Ballot Harvesting

Mar 2018
Ripe for fraud, which is right up the Dims alley.


Called “ballot harvesting,” critics say the practice is ripe for fraud. Consider “Lulu,” who was recorded trying to “harvest” what she thought was a Democratic voter’s ballot in Rep. Knight’s district.

It’s a “new service,” said Lulu, for “like, people who are supporting the Democratic party.”

The San Francisco Chronicle reported that 250,000 such ballots were used in Orange County alone, resulting in a Democratic sweep there.

From the Chronicle report:

“We beat Republicans on the ground, fair and square,” said Katie Merrill, a Democratic consultant deeply involved in November campaigns. “Many of the field plans included (ballot harvesting) as an option to deliver voters or their ballots” to the polls.

Those efforts involved identifying voters who might support Democratic candidates and ignoring those who wouldn’t.

In one Orange County household, for example, both the husband and wife were longtime Republicans, said Dale Neugebauer, a veteran Republican consultant. Democratic volunteers came by the house four times, each time asking to speak only with their 18-year-old daughter, a no-party-preference voter, and asking if she wanted them to pick up her signed and completed ballot.

That’s a perfect example of the “thorough and disciplined” ground game the Democrats used, said Merrill.

“We were not wasting time talking to people who weren’t going to vote for Democrats,” she said.​

The San Francisco Chronicle quoted Republicans who admitted that Democrats clearly beat them at the new game and that, to compete, they will have to conduct their own “ballot harvesting” efforts.

Before its passage, a group opposed to the bill wrote: “AB 1921 would allow anybody to walk into an elections office and hand over truckloads of vote by mail envelopes with ballots inside, no questions asked, no verified records kept. It amounts to an open invitation to large-scale vote buying, voter coercion, “granny farming”, and automated forgery. AB 1921 solves no problem that a simple stamp can’t solve.”

What Is ‘Ballot Harvesting,’ And How Did California Dems Use It To Nuke The GOP?
Likes: Jimmyb
Apr 2013
Left coast
This is a total Republican construct. "Harvesting" is ensuring that absentee votes, mail-in votes and the like are counted. Of Course the Republican dregs, the unemployed rural detritus are sitting at home and can easily get to the polling stations on voting day. Real people have barriers. And Republicans do everything in their power to make the barriers higher.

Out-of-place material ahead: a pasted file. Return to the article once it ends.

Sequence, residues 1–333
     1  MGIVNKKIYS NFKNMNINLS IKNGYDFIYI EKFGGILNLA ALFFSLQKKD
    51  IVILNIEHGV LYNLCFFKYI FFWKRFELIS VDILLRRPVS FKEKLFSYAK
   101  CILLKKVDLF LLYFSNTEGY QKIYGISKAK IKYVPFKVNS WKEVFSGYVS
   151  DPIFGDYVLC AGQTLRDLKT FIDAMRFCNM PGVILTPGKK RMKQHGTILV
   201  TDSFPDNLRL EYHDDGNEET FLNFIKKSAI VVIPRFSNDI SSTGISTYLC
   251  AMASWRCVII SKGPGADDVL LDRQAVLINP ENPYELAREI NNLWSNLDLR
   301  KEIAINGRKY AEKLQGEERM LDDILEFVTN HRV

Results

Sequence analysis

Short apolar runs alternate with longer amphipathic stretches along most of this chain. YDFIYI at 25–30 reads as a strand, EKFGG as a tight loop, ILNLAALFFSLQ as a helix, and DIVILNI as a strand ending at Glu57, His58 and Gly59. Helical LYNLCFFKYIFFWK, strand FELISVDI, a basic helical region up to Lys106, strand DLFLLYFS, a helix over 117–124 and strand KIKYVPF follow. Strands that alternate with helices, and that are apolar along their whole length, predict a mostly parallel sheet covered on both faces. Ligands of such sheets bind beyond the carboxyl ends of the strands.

Sep 2018
cleveland ohio
Debunking the Voter Fraud Myth
The president has continued to claim voter fraud was a problem in the 2016 election. But a look at the facts makes clear fraud is vanishingly rare, and does not happen on a scale even close to that necessary to “rig” an election. Debunking the Voter Fraud Myth

January 31, 2017
Sep 2018
cleveland ohio
Studies Agree: Impersonation Fraud by Voters Very Rarely Happens
  • The Brennan Center’s seminal report on this issue, The Truth About Voter Fraud, found that most reported incidents of voter fraud are actually traceable to other sources, such as clerical errors or bad data matching practices. The report reviewed elections that had been meticulously studied for voter fraud, and found incident rates between 0.0003 percent and 0.0025 percent. Given this tiny incident rate for voter impersonation fraud, it is more likely, the report noted, that an American “will be struck by lightning than that he will impersonate another voter at the polls.”
  • A study published by a Columbia University political scientist tracked incidence rates for voter fraud for two years, and found that the rare fraud that was reported generally could be traced to “false claims by the loser of a close race, mischief and administrative or voter error.”
  • A 2017 analysis published in The Washington Post concluded that there is no evidence to support Trump’s claim that Massachusetts residents were bused into New Hampshire to vote.
  • A comprehensive 2014 study published in The Washington Post found 31 credible instances of impersonation fraud from 2000 to 2014, out of more than 1 billion ballots cast. Even this tiny number is likely inflated, as the study’s author counted not just prosecutions or convictions, but any and all credible claims.
  • Two studies done at Arizona State University, one in 2012 and another in 2016, found similarly negligible rates of impersonation fraud. The project found 10 cases of voter impersonation fraud nationwide from 2000-2012. The follow-up study, which looked for fraud specifically in states where politicians have argued that fraud is a pernicious problem, found zero successful prosecutions for impersonation fraud in five states from 2012-2016.
  • A review of the 2016 election found four documented cases of voter fraud.
  • Research into the 2016 election found no evidence of widespread voter fraud.